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  • Writer's pictureReece Bithrey

Album Of The Week - The Jam - In The City

(Picture Credit - Discogs)

We're keeping with the British again this week with a return to The Jam and their reckless 1977 debut In The City.

Having covered the criminally under-rated Sound Affects last year, it makes sense to return to Woking's finest once again. Unlike where that album features a more refined sound on the likes of Start! and Monday, In The City shows The Jam at full pelt, rocking out of the gate with a brilliant attitude and raw sound that a band hasn't been able to match since.

Opening two songs Art School and I've Changed My Address sum up what the band are about immediately. Both are fast-paced romps on completely different subject matters, with the latter especially capturing the band's sound perfectly. At three-and-a-half minutes in length, it's one of the record's longest offerings, but features Paul Weller's properly snarling vocal teamed with Bruce Foxton's banging bassline and Rick Buckler's thumping drums. There's a small break in the song's middle that is a reminder of key influences The Who and in particular, Buckler's drumming sounds almost as crazy as Keith Moon's with some over-the-top cymbal usage and absolutely crashing backbeat.

The album isn't all Weller's own work and also makes use of a couple of clever covers to beef out a set that wouldn't have been a million miles away from their gigs in the London clubs in the late seventies. First comes the Larry Williams-penned Slow Down, also covered by The Beatles in the early sixties, but this version's been punked up a bit, with Weller's swaggering vocal and Foxton's bouncing bassline making this version a standout, not least on the instrumental break and solo that winds the clock back at least fifteen years. The second of these two covers is the Batman Theme which at first glance would appear to be an odd inclusion, but it's worth noting that the definitive mod band The Who, as well as the likes of The Kinks too covered this. To be honest, it wouldn't have been uncommon to hear such popular themes on the setlists of bands playing the London clubs, so, in all due seriousness, it's a pretty timely addition to the record's listing, and is also a nice little rendition too.

As much as the reckless punk is this album's bread and butter, where Weller's songwriting and the whole band's sound seems the tightest and at its best is on some of the slower numbers. The likes of Away From The Numbers portray that underneath a brutal laddish exterior on the cover, Paul Weller and co. are a lot more grown-up than they would appear with the graffiti on the bathroom tiles. As a song, sure it's got that signature Jam backing, but it's at a slower pace and sounds a tad mellower, which aids in portraying The Jam as not just a bunch of one-trick ponies. A little bit further down the track list comes Sounds From The Street which continues in a similar vein to its predecessor with a mellowed punk sound, showcasing a different side to the band - the mod side to them as opposed to the rock. As much as its got this 'angry young man' undertone to it with a gritty guitar note and harsh cymbals on the kit, Sounds From The Street has this great rhythmic quality to it, paving the way for the more R&B-oriented sound of their later work and Weller's later career with The Style Council and on his own.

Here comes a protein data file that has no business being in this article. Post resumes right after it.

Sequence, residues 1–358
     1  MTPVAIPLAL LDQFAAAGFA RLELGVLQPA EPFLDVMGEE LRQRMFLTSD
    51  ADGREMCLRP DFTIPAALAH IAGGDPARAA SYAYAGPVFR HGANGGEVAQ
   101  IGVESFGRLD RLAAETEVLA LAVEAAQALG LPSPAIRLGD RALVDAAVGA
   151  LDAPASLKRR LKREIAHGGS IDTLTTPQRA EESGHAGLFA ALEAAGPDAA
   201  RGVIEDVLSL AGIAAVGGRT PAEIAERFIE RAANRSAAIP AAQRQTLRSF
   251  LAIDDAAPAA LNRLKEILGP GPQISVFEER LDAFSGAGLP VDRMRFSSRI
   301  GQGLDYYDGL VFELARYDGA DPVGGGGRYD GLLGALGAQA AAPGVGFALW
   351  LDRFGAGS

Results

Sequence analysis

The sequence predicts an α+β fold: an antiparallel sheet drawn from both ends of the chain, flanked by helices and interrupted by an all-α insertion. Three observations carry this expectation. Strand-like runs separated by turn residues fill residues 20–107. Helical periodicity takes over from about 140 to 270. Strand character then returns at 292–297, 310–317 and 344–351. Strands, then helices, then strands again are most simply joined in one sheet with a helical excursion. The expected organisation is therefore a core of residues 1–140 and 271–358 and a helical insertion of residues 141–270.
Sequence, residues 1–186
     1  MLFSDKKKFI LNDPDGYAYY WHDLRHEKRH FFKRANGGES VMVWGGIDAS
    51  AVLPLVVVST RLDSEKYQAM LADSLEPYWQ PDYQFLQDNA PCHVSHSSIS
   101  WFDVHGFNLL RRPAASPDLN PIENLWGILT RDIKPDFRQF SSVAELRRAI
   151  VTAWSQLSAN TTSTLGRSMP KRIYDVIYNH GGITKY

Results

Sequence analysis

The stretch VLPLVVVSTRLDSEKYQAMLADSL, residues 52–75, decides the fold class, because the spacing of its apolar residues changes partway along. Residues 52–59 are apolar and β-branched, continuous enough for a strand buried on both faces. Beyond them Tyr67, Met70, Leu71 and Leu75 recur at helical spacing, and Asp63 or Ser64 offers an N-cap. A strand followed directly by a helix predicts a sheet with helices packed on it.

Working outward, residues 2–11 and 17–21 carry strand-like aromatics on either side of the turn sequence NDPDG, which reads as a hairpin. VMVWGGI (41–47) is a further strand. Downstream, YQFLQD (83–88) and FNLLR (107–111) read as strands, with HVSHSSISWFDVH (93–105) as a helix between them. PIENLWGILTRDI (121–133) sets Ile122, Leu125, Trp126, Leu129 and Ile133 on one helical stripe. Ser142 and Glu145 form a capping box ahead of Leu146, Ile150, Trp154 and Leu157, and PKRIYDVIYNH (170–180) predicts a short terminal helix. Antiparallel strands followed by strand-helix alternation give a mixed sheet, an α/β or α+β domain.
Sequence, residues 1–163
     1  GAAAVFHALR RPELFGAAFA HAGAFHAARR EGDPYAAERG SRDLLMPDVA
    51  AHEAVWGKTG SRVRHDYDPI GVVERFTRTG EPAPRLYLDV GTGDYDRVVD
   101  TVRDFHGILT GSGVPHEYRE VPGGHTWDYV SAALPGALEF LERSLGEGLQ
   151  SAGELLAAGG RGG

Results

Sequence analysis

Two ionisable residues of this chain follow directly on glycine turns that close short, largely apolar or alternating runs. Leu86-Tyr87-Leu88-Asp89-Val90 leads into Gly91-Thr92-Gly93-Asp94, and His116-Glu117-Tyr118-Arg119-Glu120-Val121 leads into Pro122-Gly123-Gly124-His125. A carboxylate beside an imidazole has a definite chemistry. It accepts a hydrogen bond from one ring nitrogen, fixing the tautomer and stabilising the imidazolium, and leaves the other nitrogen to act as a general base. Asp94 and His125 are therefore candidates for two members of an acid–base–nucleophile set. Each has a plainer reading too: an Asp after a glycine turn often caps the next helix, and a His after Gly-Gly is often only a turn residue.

The back-end of In The City returns to the beat-oriented and angry lad sound of the record's start with tracks such as Takin' My Love and the closing Bricks And Mortar. To any Beatles fans, these are particularly appealing tracks as they echo the band's Hamburg era in the early sixties with that simple and blunt rock 'n' roll sound of the late fifties pioneered by the likes of Little Richard and Chuck Berry. The best of the two is undoubtedly Bricks And Mortar with its fantastic groove and a slightly different sound to its predecessor featuring a clever message about the problems with senseless demolition of clubs and pubs that are prominent in the lives of young people in the late seventies to make way for office blocks or new-build housing that have been commissioned by the rich without regard for their rich past. This marked the beginning of Weller's swipes at governments in his songs and his place as one of this country's finest ever songwriters.

In The City really is an album that spawned one of this country's finest bands with one of the most admired sounds out there. To some it might just be a noise, but to others, it's the noise of a generation - a record that soundtracked people's lives and became a key part of their identity. That reckless sound threaded throughout the record is what makes it so great in the first place, and when combined with Weller's clever songwriting and brilliant messages, it's certainly hard to find a better album of this genre.

If you want to pick up a copy, I've leave an Amazon link here:

Or, here's a Spotify link below:

More musical magnificence to come next week!


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